Two girls hung from tree on same rope after suspected rape in India
The girls, who were students at the same school in the Nilambazar
area, went missing on Wednesday, local media cited police as
Family members alerted local residents and launched a search operation in the area.
The next morning, a relative of one of the girls found two bodies hanging from a tree located two kilometers from the India-Bangladesh border.
Police said the bodies have been sent for post-mortem examinations, as the reason for the murder has not been yet established.
"A police team had gone to the area yesterday (Thursday) after being informed by the locals. We have recovered the bodies and sent those for postmortem and forensic test," said Karimganj additional superintendent of police Nabin Singh, as quoted by local media.
"We are waiting for the postmortem report...which can only confirm the exact cause of death and if there are any rape angle," said Singh.
However, locals are certain the girls were murdered to cover up rape. The new incident is a grim reminder of the horrific Badaun gang-rape and murder in Uttar Pradesh that sparked mass outcry.
On May 27, the gang-rape and murders of two teenage girls – aged 14 and 15 – were reported in the village of Katra in Budaun district, Uttar Pradesh state. They were found dead the next day, hanging by their necks on a mango tree. According to medics, the girls had been gang-raped and died from strangulation due to being hanged while still alive, local media reported.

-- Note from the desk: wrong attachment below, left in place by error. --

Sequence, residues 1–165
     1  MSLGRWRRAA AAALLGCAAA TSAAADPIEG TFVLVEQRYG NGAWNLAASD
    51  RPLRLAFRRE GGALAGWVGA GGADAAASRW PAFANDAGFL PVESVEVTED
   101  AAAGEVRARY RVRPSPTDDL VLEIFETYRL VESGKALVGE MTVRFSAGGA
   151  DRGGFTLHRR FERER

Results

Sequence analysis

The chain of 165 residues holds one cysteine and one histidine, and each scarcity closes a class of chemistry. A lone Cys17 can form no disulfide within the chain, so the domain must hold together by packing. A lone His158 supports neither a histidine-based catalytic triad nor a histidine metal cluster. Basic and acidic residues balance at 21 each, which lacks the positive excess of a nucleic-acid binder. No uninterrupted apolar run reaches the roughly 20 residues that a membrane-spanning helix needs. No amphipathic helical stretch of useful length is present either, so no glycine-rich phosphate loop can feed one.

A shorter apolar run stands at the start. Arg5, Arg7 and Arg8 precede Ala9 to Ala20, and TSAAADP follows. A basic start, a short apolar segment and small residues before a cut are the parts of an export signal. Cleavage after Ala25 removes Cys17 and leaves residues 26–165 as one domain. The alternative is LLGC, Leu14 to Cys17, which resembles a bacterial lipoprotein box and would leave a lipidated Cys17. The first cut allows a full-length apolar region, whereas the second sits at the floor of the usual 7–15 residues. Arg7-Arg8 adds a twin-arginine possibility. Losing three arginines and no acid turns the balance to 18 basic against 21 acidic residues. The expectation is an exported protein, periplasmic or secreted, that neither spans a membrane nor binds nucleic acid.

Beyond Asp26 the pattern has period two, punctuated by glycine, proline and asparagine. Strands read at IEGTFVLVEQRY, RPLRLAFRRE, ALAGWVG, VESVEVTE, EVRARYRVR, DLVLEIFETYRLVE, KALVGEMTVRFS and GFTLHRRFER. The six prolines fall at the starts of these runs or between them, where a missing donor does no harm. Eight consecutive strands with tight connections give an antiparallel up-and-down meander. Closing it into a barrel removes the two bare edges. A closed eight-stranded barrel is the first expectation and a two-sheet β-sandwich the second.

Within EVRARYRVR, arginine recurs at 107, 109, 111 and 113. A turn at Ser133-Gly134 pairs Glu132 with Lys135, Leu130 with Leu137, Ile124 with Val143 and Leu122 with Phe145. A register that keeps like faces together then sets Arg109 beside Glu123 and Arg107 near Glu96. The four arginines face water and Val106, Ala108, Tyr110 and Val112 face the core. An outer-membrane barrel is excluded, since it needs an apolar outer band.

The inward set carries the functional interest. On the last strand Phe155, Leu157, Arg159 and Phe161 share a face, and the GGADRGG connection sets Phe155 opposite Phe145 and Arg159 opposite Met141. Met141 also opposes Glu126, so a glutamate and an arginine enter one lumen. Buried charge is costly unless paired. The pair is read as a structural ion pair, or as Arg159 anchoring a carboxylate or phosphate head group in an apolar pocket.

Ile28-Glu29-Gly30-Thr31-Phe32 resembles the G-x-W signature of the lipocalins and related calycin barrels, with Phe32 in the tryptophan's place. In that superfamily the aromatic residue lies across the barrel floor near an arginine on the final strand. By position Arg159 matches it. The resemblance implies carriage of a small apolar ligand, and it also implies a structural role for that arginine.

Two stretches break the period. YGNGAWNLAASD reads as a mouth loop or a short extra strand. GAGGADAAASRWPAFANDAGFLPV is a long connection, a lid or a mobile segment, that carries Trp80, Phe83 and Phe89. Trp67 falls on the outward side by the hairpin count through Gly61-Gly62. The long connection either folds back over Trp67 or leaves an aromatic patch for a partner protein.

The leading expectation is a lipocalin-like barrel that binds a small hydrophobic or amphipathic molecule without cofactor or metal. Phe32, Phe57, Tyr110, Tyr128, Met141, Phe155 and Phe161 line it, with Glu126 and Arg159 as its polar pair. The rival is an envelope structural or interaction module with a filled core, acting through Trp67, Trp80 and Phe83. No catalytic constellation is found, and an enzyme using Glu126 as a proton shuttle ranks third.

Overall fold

However, these cases do not stand alone; the number of rape
incidents in India is alarming. According to the National Crime
Records Bureau, a woman gets raped every 22 minutes in India. In
2011, 10.6 percent of rape victims were under the age of 14,
UNICEF said in a September report.
The situation seems to have not improved despite increased scrutiny following the December 2012 high profile case of the gang-rape and murder of a 23-year-old student on a Delhi bus. The incident triggered a wave of protests across the country, with people demanding an end to the sexual abuse of women. The case prompted a new examination of data on sexual assault in the country.
In March, India’s parliament introduced tougher rape laws, including the death penalty for repeat offenders and those whose victims are left in a "vegetative state." According to activists, the country’s conviction rate for rape crimes is still one of the lowest in the world.